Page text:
This old VFW in Germantown is being transformed into a NY-style pizza place
This old VFWon Goss Avenue is being transformed into a NY-style pizza place

A couple of neighbors from Mayfield, Ky., who dated and married while at the University of Kentucky in Lexington, plan to open a New York-style pizzeria in Germantown this fall.

That’s a roundabout and kind of geo-colorful way of saying Germantown is set to get another cool place to eat in the form of The Post, a pizzeria now under construction in the former VFW Post at 1045 Goss Ave.

The name, as you might guess, is a deliberate and appreciative nod to the building’s heritage, the soldiers who celebrated there, and the blue-collar neighborhood that supported them for many decades.

“We also wanted the name to be plain and simple, easy to remember and say—The Post,” said Laura Neely, an attorney. She and husband Nash Neely live just a few blocks from the restaurant in Germantown. “Even though Germantown has a lot of new stuff going on, we feel like it’s a neighborhood that appreciates its history. Some of the look and feel of the place will reflect its history.”

Nash Neely is leaving his job as an asset liability analyst at Republic Bank to operate the pizzeria. While working nine years as a cook, bartender and manager at Pazzo’s, a sprawling sports bar, beer and pizza pub, in Lexington, he earned his MBA and set out for a corporate job. But after five years working in a cubicle, he said the itch to return to restaurants had to be scratched.

“I’m really ready to get back to the work of it,” Neely said. “I guess I’m cut out for it.”

The centerpiece of The Post’s menu will be classic, deck-oven baked New York-style pizza. The large (usually 18 inches) pizzas are cut six or eight ways to yield 9-inch-long, floppy, foldable wedges of pie.

Just like a New Yorker would, Nash pointed out that “it might drip a little grease on your pants, but that’s part of the style.” Other than Luigi’s Pizzeria (712 W. Main St.) and Papalino’s, the couple said the city suffers from a shortage of New York-style offerings.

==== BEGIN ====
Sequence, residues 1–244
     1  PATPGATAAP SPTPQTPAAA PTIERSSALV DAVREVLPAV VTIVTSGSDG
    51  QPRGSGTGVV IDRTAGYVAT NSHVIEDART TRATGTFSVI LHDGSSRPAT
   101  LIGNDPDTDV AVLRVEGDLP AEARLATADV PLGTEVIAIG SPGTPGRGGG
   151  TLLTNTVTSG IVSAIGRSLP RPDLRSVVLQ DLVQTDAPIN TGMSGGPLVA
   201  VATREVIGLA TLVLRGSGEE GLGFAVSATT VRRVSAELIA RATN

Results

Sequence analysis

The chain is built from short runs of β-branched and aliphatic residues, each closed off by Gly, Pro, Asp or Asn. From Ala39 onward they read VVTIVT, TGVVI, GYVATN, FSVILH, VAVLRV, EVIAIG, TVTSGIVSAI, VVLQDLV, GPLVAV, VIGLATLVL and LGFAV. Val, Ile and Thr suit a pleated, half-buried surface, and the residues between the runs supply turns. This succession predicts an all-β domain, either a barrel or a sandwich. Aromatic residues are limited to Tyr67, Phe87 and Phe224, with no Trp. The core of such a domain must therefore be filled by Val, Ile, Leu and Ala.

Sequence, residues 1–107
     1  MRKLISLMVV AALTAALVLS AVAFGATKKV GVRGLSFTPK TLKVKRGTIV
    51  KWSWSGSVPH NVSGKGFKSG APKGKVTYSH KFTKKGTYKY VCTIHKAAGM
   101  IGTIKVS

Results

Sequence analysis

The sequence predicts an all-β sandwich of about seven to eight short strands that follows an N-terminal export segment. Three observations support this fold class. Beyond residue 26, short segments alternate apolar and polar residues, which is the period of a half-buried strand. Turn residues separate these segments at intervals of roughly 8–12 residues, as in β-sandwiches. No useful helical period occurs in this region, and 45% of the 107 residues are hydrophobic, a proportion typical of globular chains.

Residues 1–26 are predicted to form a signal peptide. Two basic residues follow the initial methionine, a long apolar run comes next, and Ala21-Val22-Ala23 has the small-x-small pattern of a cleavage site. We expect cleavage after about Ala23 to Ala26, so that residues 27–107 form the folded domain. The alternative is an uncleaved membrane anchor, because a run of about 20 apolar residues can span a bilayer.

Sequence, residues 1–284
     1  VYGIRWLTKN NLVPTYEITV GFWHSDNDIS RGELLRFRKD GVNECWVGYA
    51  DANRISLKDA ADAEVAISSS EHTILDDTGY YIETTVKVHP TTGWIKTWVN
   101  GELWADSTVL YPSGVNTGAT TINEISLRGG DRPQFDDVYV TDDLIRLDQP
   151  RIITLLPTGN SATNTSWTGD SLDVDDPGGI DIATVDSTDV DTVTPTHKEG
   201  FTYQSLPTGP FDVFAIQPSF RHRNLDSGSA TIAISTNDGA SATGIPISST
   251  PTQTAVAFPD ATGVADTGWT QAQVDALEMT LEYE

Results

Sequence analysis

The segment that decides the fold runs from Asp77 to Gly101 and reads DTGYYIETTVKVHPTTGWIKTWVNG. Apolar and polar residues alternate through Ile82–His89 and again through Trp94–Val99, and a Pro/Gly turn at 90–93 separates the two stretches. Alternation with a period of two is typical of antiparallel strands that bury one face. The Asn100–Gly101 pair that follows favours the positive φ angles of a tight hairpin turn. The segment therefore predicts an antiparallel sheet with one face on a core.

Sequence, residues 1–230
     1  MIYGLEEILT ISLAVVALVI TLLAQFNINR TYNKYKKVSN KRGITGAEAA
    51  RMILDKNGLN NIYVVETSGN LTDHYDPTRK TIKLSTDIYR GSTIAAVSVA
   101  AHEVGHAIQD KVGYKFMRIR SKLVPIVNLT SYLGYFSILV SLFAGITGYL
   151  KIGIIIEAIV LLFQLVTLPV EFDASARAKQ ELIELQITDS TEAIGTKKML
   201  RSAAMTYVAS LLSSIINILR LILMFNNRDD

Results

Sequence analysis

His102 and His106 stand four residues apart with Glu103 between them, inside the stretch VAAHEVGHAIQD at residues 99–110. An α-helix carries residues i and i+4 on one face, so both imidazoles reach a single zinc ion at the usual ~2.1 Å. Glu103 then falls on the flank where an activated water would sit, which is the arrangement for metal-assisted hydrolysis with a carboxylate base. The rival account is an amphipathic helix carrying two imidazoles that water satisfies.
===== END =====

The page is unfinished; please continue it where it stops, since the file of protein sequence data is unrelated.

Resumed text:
They acknowledged there are good pies made at Germantown stops Danny Mac’s and Come Back Inn, but they said neither place was the true pizza joint the neighborhood needs.

[googlemaps https://www.google.com/maps/embed?pb=!1m14!1m8!1m3!1d6268.301408573131!2d-85.73695313859433!3d38.22961015216425!3m2!1i1024!2i768!4f13.1!3m3!1m2!1s0x88690d25484589e1%3A0xc9d2719a7cd8136d!2s1045+Goss+Ave!5e0!3m2!1sen!2sus!4v1404401411366&w=539&h=404]

“Danny Mac’s is carryout, and as much as I like Come Back Inn, it’s not what I think of as a pizza place,” Laura said. “We want it to be a place where you meet friends, bring your family and hang out, have a slice and a beer.” (UPDATE: Danny Mac’s does have seating, just not full service.)

Fresh slices, Nash insisted.

“What we’ll always have is pizza by the slice: a pepperoni, a cheese and a slice of the day,” he began. “We won’t make cheese pizzas ahead of time and add toppings when people order them. I hate that. We’ll make fresh pizzas for our slices.”

Though the rest of the menu isn’t finalized, it will include the expected sandwiches and salads.

An all-American lineup of beer will be featured prominently at The Post. Not only does it befit the pizzeria’s theme, Laura said, “Nash and I feel there are enough great American beers that we don’t need to sell imports.”

Expect eight rotating microbrew taps, and 60 to 80 canned and bottled beers.

“Sometimes you just have to have a domestic longneck with your pizza,” Laura said. Adding liquor is a future goal following zoning changes. “But we really don’t want to do liquor sales right off the bat. We want to get our feet under us before we try that.”

The couple expects construction to be completed by mid-October, followed by a month of hiring and training.

“If we can get our occupancy permit by then, then maybe we can open mid-November,” Nash said. “But you never can tell. There’s always another inspection, another permit to get.”

Steve Coomes
Steve Coomes is a restaurant veteran turned award-winning food, spirits and travel writer. In his 24-year career, he has edited and written for multiple national trade and consumer publications including Nation's Restaurant News and Southern Living. He is a feature writer for Louisville magazine, Edible Louisville & The Bluegrass and Food & Dining Magazine. The author of two books, "Country Ham: A Southern Tradition of Hogs, Salt & Smoke," and the "Home Distiller's Guide to Spirits," he also serves as a ghostwriter for multiple clients.